It may have been a rainy Tuesday evening on November 16, but several UTM students gathered for a discussion on poverty in Peel. The Women and Gender Studies Action Group hosted a café conversation to discuss issues of poverty and homelessness in Peel with light snacks and refreshments provided.
The WGS AG is a student-run group focussed on raising awareness about the WGS program and issues pertaining to feminism, gender, race, sexuality, politics, etc., just to name a few. Every year the WGS AG supports a local charity group with money raised from various events.
The café conversation was an attempt to wipe away negative stereotypes of poverty and homelessness. It aimed to share strategies to help with this issue.
After taking small donations and giving a brief introduction of the WGS AG, students delved into issues of poverty and homelessness. A short quiz was presented illustrating some of the facts surrounding poverty that many do not know. For example, in 2006, 15% of Peel residents were living in poverty.
There were many activities to help students become engaged with the seriousness of poverty. One activity included students receiving Monopoly money adding up to $585; this sum is the maximum amount of social assistance an adult can receive from the government on a monthly basis.
After distributing the money, various scenarios were provided to represent the various allocation of money and to acknowledge the divergent range of people involved in poverty. For example, an unemployed single mother of one has to pay rent (which in Peel starts north of $500), buy food, clothing, and medicine, pay for transportation, pay other bills, and take care of both her and her child’s necessities—all with just $585 a month.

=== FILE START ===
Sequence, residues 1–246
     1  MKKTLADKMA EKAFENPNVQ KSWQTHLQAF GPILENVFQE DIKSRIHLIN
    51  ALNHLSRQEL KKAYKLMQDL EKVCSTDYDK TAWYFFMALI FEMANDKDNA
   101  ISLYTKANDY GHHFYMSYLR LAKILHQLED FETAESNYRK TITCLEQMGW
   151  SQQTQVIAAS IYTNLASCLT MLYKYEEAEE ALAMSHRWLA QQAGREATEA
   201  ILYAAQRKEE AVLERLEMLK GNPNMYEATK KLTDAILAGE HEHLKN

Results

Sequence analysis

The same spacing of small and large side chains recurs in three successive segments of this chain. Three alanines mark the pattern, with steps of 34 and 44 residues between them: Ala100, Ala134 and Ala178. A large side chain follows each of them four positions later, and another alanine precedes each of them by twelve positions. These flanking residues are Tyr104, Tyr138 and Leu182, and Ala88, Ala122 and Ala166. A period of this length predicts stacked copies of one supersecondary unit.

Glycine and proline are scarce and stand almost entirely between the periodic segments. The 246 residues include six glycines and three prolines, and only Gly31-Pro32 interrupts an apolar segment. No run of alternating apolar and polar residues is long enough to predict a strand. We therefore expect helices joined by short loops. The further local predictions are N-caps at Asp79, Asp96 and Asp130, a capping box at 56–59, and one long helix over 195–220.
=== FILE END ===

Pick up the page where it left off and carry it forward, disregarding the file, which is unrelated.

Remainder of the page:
Another scenario observed a disabled senior man without family and sufficient pension with less than $585. Very quickly students found themselves with no money and realizing the adversities.
The aim of this activity was to observe the various types of people who are subjected to poverty. There are many misconceptions that people in poverty and/or who are currently homeless are drug addicts or suffer from mental illnesses. However, this is not necessarily true. There are many factors that could lead to poverty, such as gender, race, age, class, disabilities, language barriers, newcomer status, and more. For many of these, it seems like a simple solution to just find some job for them; however, sometimes that’s not enough, since one can be employed and still homeless.
During the 2010/11 school year WGS AG are supporting the Peel Poverty Action Group, a non-profit organization functioning in Peel whose aim is to combat and raise awareness about poverty and homelessness in areas of Mississauga, Brampton, and Caledon. PPAG provides resources and services to people who are affected by poverty and the community at large.
Students wishing to find more information about the WGS AG are welcome to attend general meetings every Monday at 12 to 1 p.m. in NB 143, or they can find the WGS-Action Group on Facebook.
For more information on PPAG, students are asked to visit its blog at ppag.wordpress.com.